summer safety tipsOn average, kids can’t handle heat as well as an adult, so it makes sense to monitor how much time your child spends outside and the kind of activities they are involved in.

Summer Safety

According to Dr. Karen Sheehan of Children’s Memorial Hospital, says “Young children are especially vulnerable to heat because they produce more heat at rest, they have a higher body surface area to mass ratio and they absorb more heat. They don’t sweat as well as adults. An adult and adolescent who are healthy, it takes about four days to get used to this type of weather, but for a kid it’s about two weeks and that puts them at much more risk.”

Car Safety

Be careful when traveling with children in your car. On more than one occasion, I’ve seen horrific stories of a parent who left a sleeping baby in the back seat forgetting their child was in the car. Since cars are so much hotter on the inside, place your purse or wallet in the back seat, when you get in the car. That way, you look in the back seat when you get out of your car. I know you’re thinking, “I would never leave my child in my vehicle.” Still it’s better to be safe than sorry and parents with the best intentions have had tragedy strike in the worst way due to “not thinking”.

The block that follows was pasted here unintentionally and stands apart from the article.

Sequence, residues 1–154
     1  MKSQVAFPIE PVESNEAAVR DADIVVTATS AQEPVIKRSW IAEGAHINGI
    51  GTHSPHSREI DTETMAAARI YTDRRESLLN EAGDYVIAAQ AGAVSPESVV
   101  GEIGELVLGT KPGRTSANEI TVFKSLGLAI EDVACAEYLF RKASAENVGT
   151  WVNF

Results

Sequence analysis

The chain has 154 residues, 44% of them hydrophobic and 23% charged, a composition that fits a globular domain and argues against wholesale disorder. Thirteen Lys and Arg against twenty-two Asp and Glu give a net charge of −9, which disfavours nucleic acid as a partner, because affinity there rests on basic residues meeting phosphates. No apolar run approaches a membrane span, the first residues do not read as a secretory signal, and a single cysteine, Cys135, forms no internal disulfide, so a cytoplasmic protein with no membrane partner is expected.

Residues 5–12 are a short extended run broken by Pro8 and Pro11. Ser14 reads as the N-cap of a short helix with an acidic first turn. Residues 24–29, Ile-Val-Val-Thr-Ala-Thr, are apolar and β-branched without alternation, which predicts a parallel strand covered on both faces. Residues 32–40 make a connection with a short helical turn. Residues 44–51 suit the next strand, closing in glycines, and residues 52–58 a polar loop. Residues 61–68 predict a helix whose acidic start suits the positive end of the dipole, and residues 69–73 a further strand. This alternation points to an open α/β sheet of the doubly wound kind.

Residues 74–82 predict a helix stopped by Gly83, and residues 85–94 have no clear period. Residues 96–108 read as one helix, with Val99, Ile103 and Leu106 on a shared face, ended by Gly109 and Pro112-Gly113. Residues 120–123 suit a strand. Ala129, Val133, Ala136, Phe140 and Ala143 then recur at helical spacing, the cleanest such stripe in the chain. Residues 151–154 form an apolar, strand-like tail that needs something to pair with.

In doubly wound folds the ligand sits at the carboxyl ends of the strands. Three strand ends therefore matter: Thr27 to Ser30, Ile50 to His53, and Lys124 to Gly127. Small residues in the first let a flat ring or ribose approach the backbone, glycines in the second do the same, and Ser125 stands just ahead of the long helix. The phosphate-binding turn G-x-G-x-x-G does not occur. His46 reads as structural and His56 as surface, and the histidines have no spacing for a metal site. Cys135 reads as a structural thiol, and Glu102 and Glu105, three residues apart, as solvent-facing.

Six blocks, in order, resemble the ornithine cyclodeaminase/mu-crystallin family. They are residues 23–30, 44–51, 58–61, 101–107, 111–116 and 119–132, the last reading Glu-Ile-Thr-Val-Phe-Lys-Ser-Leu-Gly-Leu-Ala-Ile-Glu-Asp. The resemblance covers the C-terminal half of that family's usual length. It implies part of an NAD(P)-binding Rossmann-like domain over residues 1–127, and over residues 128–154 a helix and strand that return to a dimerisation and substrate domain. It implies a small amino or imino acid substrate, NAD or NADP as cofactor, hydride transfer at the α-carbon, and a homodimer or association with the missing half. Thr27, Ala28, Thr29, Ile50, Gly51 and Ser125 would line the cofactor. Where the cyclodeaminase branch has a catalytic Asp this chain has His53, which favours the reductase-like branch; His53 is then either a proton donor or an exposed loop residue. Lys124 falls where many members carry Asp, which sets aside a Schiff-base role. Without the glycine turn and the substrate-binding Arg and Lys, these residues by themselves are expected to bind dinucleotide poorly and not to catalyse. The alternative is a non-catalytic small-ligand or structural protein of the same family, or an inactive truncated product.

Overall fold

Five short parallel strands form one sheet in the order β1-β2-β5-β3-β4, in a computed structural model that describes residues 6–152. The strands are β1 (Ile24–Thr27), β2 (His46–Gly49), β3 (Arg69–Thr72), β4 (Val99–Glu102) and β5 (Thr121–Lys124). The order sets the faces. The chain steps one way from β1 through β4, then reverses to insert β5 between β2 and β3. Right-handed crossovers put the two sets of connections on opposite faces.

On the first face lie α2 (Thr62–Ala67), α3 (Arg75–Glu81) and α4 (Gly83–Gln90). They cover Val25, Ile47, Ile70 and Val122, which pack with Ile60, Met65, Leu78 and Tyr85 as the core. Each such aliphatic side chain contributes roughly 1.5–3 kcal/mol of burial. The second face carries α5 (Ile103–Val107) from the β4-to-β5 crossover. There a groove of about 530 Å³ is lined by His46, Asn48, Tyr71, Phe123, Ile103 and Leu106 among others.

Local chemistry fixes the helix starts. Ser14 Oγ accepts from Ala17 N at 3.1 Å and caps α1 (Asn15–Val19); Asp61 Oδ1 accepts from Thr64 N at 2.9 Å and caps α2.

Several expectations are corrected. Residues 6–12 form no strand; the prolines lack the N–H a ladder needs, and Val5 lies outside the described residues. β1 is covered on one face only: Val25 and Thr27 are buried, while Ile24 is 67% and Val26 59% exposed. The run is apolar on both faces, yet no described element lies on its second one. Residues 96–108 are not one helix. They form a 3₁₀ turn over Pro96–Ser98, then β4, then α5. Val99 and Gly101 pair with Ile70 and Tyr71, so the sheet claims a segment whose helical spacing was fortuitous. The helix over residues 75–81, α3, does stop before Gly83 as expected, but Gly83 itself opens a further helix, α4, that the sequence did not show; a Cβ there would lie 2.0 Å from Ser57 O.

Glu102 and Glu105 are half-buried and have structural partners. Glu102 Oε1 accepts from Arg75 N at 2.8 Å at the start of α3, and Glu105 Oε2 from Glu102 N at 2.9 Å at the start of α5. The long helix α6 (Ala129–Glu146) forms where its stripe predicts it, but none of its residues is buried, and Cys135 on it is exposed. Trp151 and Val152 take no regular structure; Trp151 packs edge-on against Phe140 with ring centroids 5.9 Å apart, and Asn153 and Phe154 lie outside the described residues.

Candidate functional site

Window Safety

One concern, during summer months is opening windows at home because children have fallen through screens and had terrible accidents or worse, lost their lives.

Here’s another tip to remember.

Amy Hill, Injury Prevention Manager at Children’s Memorial says “If you need to open windows, open from the top down. Also, move furniture away from the windows so kids can’t crawl on top and fall out. That’s what happens most often, people don’t think about the couch being near the window. They crack the window for some circulation and the kid climbs up and falls out. It’s a huge problem in Chicago.”

Water Safety

Water activities are good for cooling children down, but again, the risks associated with pools needs to be addressed since 300 children every year never make it to their 5th birthday due to drownings.

Hill says “It’s important for parents and caregivers to remember that babies and toddlers can drown in one inch of water. Empty all buckets, containers and wading pools immediately after you are done using them.”

Always take your cordless phone with you outside and never ever leave your child unattended in water, even for a moment.

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